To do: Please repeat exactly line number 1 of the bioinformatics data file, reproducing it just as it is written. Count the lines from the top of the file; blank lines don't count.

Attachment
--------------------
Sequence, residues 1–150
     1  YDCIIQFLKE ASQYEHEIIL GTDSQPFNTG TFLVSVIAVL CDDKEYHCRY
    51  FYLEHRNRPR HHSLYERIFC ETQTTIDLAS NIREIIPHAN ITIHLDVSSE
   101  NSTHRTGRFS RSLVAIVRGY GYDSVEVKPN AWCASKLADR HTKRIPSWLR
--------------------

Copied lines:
Sequence, residues 1–150